My niece is going to university this fall. She has a steady boyfriend who’s in third year at another university.
Her mother took her to their doctor to discuss birth control, if needed, and she was given a prescription for oral contraception.
My sister noticed the pills in her room and asked why she wasn’t using them. My niece’s response was that it was none of her business, but that condoms were “good enough.”
I’m shocked that in this day and age some young people are so ill-informed! Please let them know that condoms aren’t “good enough”!
Your niece was correct that her choice of contraception was no one else’s business. Yet, a thorough discussion on this matter is complex, and should be had with her own doctor.
Relying on condoms to prevent pregnancy, is not always “good enough.” Especially not when a condom tears, comes off during intercourse, or some sperm spillage occurs.
Meanwhile, your niece may have realistic concerns that contraceptive pills carry their own risks to women.
According to the National Institute of Health’s National Library of Medicine, albeit dating back to 2012, “Oral contraceptives (OCPs) have their own significant risks, namely, an increase in cardiovascular events (such as an increase in venous thromboembolism, pulmonary embolism, myocardial infarction, and stroke).”
However, “these latter occur especially in older women and smokers.” Secondly, (and importantly) “OCPs increase the risk of the world's most frequently occurring cancer, breast cancer.”
Personally, I learned long ago that young adult women, especially, need to see their own female-health doctor to talk about changing studies on the use of birth-control pills.
Particularly important are the statistics on breast cancer and whether there’s a history of it in the adult female’s family history.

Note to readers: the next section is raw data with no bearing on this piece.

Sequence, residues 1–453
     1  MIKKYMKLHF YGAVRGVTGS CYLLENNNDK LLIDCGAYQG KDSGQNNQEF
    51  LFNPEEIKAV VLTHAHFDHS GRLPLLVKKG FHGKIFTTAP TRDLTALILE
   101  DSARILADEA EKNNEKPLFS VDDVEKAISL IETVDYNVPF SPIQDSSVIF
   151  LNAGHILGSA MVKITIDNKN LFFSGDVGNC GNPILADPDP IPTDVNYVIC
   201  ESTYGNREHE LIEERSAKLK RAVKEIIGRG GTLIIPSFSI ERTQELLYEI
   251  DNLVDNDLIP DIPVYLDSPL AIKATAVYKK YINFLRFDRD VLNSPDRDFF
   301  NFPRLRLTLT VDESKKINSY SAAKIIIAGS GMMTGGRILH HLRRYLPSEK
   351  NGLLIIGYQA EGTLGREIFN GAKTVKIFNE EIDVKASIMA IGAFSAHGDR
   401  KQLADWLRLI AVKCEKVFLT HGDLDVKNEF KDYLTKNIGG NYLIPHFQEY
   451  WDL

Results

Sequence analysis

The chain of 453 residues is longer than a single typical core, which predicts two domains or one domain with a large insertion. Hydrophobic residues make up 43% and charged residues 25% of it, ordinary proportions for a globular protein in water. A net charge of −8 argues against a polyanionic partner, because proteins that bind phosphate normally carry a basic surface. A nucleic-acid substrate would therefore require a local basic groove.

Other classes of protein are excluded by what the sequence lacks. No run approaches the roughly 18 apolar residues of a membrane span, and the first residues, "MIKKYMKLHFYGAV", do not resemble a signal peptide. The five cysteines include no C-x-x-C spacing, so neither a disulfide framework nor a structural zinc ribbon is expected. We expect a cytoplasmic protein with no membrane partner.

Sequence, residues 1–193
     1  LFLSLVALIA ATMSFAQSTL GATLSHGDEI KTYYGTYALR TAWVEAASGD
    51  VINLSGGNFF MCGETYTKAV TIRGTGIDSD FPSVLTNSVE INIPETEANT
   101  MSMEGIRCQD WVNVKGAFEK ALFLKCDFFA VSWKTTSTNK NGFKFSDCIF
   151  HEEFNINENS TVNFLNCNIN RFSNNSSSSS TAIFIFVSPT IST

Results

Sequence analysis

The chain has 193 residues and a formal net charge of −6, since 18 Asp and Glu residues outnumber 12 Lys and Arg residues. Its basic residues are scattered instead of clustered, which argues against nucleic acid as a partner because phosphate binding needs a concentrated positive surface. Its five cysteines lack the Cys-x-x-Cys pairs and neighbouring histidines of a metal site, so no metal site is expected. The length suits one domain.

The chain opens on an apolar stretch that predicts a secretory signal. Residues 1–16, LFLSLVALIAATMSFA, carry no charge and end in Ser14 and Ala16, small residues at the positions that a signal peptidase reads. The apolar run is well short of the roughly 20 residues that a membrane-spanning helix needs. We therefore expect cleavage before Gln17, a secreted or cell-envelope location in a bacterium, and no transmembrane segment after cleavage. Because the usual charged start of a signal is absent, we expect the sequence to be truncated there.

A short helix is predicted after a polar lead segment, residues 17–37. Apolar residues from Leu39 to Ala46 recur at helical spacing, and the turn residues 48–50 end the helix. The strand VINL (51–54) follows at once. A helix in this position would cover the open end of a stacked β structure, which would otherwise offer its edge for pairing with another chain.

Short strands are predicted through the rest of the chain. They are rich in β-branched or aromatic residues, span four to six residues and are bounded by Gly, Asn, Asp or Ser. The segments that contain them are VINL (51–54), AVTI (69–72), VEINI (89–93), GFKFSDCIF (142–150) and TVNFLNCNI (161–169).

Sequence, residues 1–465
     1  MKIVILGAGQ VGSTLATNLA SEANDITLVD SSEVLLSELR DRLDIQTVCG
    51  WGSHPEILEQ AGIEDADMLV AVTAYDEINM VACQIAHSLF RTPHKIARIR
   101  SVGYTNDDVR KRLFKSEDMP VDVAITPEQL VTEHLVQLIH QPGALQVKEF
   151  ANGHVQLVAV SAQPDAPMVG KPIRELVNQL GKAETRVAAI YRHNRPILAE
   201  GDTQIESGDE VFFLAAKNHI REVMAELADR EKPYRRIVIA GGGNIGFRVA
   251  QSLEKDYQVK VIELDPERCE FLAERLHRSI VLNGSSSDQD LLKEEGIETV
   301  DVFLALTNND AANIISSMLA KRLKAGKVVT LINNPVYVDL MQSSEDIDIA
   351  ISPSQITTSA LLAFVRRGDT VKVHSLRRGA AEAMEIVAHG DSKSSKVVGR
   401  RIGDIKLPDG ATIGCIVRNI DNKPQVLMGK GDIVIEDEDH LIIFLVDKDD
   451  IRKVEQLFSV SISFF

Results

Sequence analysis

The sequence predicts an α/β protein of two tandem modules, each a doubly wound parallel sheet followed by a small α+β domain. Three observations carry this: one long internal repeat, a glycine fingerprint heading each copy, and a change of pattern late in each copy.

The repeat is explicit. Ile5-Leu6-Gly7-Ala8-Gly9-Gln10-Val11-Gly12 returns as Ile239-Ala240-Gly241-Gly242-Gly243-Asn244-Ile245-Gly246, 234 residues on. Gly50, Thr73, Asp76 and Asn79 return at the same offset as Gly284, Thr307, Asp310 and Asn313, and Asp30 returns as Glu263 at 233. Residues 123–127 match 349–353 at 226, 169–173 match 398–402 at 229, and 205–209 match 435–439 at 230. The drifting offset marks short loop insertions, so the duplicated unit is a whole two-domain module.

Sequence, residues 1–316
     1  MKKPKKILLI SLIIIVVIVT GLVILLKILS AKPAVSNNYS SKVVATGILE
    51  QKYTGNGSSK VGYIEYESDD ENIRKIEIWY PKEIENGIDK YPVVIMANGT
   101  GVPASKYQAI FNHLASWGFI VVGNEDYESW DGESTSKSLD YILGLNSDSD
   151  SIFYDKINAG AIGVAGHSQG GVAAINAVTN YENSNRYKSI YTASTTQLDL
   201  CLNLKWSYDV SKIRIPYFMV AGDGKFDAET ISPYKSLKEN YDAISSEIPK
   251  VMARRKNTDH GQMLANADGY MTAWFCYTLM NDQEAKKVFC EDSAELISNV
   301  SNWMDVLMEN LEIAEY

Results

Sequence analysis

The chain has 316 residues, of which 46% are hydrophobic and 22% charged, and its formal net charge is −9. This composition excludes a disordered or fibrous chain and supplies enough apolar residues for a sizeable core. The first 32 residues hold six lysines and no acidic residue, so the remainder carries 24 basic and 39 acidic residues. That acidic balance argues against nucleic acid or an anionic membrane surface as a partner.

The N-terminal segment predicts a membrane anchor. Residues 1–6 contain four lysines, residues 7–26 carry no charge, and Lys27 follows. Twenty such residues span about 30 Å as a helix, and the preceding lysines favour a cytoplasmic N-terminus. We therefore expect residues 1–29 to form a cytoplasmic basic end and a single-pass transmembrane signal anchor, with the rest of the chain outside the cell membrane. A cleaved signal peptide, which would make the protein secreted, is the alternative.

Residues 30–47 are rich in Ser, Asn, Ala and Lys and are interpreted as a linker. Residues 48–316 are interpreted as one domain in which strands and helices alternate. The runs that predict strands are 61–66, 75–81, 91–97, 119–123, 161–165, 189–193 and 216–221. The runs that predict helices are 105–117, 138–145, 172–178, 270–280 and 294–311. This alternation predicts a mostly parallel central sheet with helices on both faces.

Encourage your niece to expand her own awareness of what she learns, towards her choice of contraception.
Our quiet neighbourhood changed this past year due to a young family now living next door. The parents are very loud and can be heard clearly in adjoining backyards, and even when their windows are closed.
They recently had a pool installed and the whole family is outside most afternoons. They’re enjoying each other but unaware of their neighbours.
The youngest child, seven, makes ongoing ear-piercing shrieks. The mom laughs loudly.
I realize I sound like an old “poop” but we raised our kids to understand they live in a community.
I’m hoping that with maturing and the pool novelty wearing off next summer that things will settle down next year.
They’re a nice family and we’re pleasant with each other when we meet outside.
But there’s just so much ear-piercing shrieking I can take before I have to go inside and shut my windows. We’ve always enjoyed being outside reading and enjoying our garden. Any suggestions?
Backyard Pool Problems
Youngsters in a pool mostly shriek with joy, and while off-putting to some others, it’s also lovely to remember your own kids’ happiness in such a simple pleasure.
Yes, it’s intrusive when you’re trying to just enjoy the garden or read. However, pleasantry between neighbours is worth more than squelching a decent neighbourly relationship.
If their loudness intrudes, consider going for a walk. You don’t have to escape your home, but accommodate to the fact that others have equal right to enjoy their home and its pool.
Stay amicable. It’s much less bothersome than reacting whenever the seven-year-old shrieks. Say hello to the child and comment cheerfully on his swimming or water toys.
School is starting, so his pool noises will abate.
Reader’s Commentary Regarding the woman concerned about her widowed sister moving on:
“When my mom died at 62, she’d suffered 14 years through her initial cancer diagnosis and a very painful cancer return.
“She passed away and we all felt terrible grief. But I knew my dad had loved her with everything. He’d find a new companion soon.
“Eight weeks later, he met someone through a friend. I wasn’t surprised nor hurt. I wanted him not to suffer any more.
“I’m like my father. We need someone to love. He continued to date various lovely women until he met his partner of eight years before he passed.
“He was always a 50/50 partner in our home, cooking and cleaning. So, he didn’t ‘need’ a new partner, he just wanted someone to love.
“Your sister's moving on after two years seems quite healthy and normal. She’ll always grieve the love she lost.
“Be happy for her.”
Tip of the day:
Women using condoms vs. oral contraception need to learn what’s best for their age, plus medical and family history.